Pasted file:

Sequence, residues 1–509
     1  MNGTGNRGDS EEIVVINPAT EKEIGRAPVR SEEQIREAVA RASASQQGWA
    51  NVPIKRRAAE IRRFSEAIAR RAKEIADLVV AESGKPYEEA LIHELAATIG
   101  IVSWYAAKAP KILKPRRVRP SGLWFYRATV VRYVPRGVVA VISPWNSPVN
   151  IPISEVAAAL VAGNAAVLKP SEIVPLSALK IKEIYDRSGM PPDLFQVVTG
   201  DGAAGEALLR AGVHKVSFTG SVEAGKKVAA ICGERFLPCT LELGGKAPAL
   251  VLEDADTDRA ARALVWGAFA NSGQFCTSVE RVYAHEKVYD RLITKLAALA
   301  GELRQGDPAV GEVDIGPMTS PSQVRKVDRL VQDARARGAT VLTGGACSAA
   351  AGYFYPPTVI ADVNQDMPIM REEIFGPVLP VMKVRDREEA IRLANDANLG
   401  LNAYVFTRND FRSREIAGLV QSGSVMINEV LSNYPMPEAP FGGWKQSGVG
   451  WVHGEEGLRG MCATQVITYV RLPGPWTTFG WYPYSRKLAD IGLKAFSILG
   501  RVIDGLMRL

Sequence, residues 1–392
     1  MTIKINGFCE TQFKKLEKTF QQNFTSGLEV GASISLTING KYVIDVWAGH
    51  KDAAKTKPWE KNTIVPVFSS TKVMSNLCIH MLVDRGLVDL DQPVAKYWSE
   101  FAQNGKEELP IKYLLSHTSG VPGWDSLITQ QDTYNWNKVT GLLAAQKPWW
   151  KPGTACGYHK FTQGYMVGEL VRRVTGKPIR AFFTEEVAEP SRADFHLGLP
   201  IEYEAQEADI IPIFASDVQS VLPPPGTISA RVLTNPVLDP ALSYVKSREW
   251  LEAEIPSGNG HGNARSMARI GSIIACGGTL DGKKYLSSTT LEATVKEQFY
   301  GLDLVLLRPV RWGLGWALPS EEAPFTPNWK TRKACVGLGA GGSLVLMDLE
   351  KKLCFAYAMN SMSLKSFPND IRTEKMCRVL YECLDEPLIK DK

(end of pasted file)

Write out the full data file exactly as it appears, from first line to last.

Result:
Sequence, residues 1–509
     1  MNGTGNRGDS EEIVVINPAT EKEIGRAPVR SEEQIREAVA RASASQQGWA
    51  NVPIKRRAAE IRRFSEAIAR RAKEIADLVV AESGKPYEEA LIHELAATIG
   101  IVSWYAAKAP KILKPRRVRP SGLWFYRATV VRYVPRGVVA VISPWNSPVN
   151  IPISEVAAAL VAGNAAVLKP SEIVPLSALK IKEIYDRSGM PPDLFQVVTG
   201  DGAAGEALLR AGVHKVSFTG SVEAGKKVAA ICGERFLPCT LELGGKAPAL
   251  VLEDADTDRA ARALVWGAFA NSGQFCTSVE RVYAHEKVYD RLITKLAALA
   301  GELRQGDPAV GEVDIGPMTS PSQVRKVDRL VQDARARGAT VLTGGACSAA
   351  AGYFYPPTVI ADVNQDMPIM REEIFGPVLP VMKVRDREEA IRLANDANLG
   401  LNAYVFTRND FRSREIAGLV QSGSVMINEV LSNYPMPEAP FGGWKQSGVG
   451  WVHGEEGLRG MCATQVITYV RLPGPWTTFG WYPYSRKLAD IGLKAFSILG
   501  RVIDGLMRL

Sequence, residues 1–392
     1  MTIKINGFCE TQFKKLEKTF QQNFTSGLEV GASISLTING KYVIDVWAGH
    51  KDAAKTKPWE KNTIVPVFSS TKVMSNLCIH MLVDRGLVDL DQPVAKYWSE
   101  FAQNGKEELP IKYLLSHTSG VPGWDSLITQ QDTYNWNKVT GLLAAQKPWW
   151  KPGTACGYHK FTQGYMVGEL VRRVTGKPIR AFFTEEVAEP SRADFHLGLP
   201  IEYEAQEADI IPIFASDVQS VLPPPGTISA RVLTNPVLDP ALSYVKSREW
   251  LEAEIPSGNG HGNARSMARI GSIIACGGTL DGKKYLSSTT LEATVKEQFY
   301  GLDLVLLRPV RWGLGWALPS EEAPFTPNWK TRKACVGLGA GGSLVLMDLE
   351  KKLCFAYAMN SMSLKSFPND IRTEKMCRVL YECLDEPLIK DK